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November Coop Lunch and Learn Series

November Lunch and Learn SeriesIf your organization wants to make a bigger impact in their local economy, then this free webinar series is not to be missed.

Training, education, and information is not only a co-operative principle, it’s an important part of growing any organization. Every Thursday during the month of November we are offering free noon-hour webinars that will expand your organization’s knowledge about strategic opportunities around economic development. All you need is to RSVP in advance.

Register for the November Coop Lunch and Learn Series

To best enjoy these webinars, we highly recommend watching this webinar with a colleague; invite them for lunch! All webinars run from noon-1PM (MST)

November 2nd: Co-operative Strategies that can grow your business save you money,

If your enterprise is looking to reduce costs, increase productivity, and build a strong work culture, then this 45-minute lunch hour webinar is not to be missed. Learn how co-operative strategies can be applied in your business, not for profit, or community.

Hosted by Seth Leon, Manager of Co-operative Services; Alberta Community and Co-operative Association

November 9th: Member Loyalty Programs: Enhance member value while supporting local business

North Parkland Power REA (NPP) has increased value to their members offering loyalty discounts to a range of local businesses. This strategy also connects their co-op to the local business community in a meaningful way. Learn how NPP devised and executed on this strategy, and the key actions needed to get started in your community.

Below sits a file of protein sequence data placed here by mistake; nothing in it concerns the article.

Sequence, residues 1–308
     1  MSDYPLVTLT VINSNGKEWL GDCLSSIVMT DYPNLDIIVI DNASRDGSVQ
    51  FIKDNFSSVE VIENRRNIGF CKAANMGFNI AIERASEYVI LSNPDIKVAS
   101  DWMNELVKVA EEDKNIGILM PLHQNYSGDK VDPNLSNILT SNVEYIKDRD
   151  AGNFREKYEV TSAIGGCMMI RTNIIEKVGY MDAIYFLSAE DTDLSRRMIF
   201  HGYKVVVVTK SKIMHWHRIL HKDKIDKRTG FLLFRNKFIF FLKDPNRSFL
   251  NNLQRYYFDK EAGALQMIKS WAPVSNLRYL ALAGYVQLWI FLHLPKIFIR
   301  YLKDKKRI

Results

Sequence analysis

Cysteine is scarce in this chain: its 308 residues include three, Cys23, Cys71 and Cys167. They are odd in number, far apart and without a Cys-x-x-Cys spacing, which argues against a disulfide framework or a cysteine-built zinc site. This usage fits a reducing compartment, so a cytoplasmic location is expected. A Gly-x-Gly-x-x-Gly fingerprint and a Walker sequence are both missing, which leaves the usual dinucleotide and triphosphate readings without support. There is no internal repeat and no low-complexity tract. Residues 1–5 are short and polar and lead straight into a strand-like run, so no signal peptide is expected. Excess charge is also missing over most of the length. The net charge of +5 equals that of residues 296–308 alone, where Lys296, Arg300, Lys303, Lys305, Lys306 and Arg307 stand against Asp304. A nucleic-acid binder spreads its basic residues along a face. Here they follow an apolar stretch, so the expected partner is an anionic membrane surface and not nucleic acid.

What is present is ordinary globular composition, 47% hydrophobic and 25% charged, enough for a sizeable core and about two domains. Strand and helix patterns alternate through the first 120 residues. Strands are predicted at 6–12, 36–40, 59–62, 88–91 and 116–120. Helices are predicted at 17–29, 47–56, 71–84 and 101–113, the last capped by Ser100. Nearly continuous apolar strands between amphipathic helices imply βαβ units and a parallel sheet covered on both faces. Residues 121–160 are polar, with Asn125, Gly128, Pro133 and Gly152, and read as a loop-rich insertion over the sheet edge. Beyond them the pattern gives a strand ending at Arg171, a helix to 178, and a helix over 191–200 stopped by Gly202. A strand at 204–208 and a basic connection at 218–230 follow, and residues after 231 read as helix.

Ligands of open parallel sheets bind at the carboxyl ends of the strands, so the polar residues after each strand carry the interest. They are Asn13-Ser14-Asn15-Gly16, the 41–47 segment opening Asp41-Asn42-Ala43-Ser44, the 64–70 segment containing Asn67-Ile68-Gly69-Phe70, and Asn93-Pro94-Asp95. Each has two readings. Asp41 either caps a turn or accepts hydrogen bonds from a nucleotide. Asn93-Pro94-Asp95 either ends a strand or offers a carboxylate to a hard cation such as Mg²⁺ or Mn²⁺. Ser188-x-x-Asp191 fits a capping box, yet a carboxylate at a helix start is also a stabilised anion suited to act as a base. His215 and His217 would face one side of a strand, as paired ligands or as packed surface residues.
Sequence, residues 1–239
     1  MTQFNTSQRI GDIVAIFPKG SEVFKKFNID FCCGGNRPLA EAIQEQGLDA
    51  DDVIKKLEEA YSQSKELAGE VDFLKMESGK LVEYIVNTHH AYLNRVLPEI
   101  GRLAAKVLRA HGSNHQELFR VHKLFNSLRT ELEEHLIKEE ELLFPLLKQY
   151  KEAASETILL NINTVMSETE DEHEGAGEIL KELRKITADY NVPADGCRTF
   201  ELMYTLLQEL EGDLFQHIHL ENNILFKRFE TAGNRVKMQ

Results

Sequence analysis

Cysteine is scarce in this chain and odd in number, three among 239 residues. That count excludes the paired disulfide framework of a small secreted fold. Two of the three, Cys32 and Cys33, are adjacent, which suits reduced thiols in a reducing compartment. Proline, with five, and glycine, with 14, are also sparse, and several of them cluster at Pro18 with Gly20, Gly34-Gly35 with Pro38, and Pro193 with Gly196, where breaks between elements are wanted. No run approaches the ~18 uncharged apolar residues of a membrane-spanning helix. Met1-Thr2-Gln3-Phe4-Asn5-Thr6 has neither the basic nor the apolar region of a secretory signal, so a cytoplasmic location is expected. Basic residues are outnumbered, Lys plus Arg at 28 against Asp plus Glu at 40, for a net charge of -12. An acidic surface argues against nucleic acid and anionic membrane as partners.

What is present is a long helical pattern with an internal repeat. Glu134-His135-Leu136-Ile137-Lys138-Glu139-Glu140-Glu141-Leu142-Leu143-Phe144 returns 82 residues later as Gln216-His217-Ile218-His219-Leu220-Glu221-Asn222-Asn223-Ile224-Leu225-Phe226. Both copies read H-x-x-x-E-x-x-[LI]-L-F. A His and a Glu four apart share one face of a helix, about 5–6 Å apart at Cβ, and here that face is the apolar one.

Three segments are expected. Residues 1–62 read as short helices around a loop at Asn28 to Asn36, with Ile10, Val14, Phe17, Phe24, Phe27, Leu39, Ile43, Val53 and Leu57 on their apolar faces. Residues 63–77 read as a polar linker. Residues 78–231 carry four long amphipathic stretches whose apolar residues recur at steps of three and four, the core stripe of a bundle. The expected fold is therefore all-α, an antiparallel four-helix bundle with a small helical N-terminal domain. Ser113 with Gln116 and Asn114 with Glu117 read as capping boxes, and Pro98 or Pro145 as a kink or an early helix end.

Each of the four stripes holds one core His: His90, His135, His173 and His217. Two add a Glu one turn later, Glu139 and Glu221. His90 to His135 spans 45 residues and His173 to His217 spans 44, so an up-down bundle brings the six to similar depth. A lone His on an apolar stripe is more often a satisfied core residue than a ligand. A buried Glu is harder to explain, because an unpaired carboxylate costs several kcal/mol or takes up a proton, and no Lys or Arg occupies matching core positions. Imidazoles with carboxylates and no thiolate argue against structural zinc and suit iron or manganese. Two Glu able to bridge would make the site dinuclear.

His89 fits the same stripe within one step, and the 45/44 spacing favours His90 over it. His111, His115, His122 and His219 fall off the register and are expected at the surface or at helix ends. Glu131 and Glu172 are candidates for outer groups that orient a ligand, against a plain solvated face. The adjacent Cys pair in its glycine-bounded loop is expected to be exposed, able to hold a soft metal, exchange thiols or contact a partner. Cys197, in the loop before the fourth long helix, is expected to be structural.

Hosted by Andrea LaBrie, Member-Owner Representative; North Parkland Power REA ltd.

November 16th: As Local As Possible: Craft Brewing in Alberta

Alberta’s craft beer industry is exploding, having tripled in size over the past few years. Growth continues, all over Alberta, in an industry that has deep roots in the history of the province. Where has the industry come from and where will it go? How can your community play its part in making brewing a signature industry for Alberta?

Hosted by Terry Rock, Executive Director; Alberta Small Brewers Association

November 23rd:  Local Investing & Community Economic DevelopmentLearn about how to invest locally, raise capital for your local business, and how to grow your local economy. Recent changes to investment rules in Alberta will soon make things easier to invest locally and raise money locally. Learn how community economic development can help your business do well, and do good. This webinar will help frame local opportunities with long-term economic growth, opportunities to maximize your impact, access tax benefits, and mobilize growing networks.

Hosted by Courtney Hare, Public Policy Manager; Momentum

November 30th: How inclusive spaces increase market share and build stronger businesses

Creating welcoming spaces strengthen brand identity and improve customer experience. This webinar explains how to develop accessible and inclusive spaces that will help your business grow. Learn how to maximize your marketing and strengthen your brand. This webinar will also touch on project management for creating accessible spaces, and how to access grants.

Hosted by Sean Crump CEO and Head Chair; Universal Access

Understanding Food Sovereignty and Policy Through a Community Lens: Food Systems in Rural and Indigenous Canada

rplc, rdi, brandon university2pm to 3pm Central Time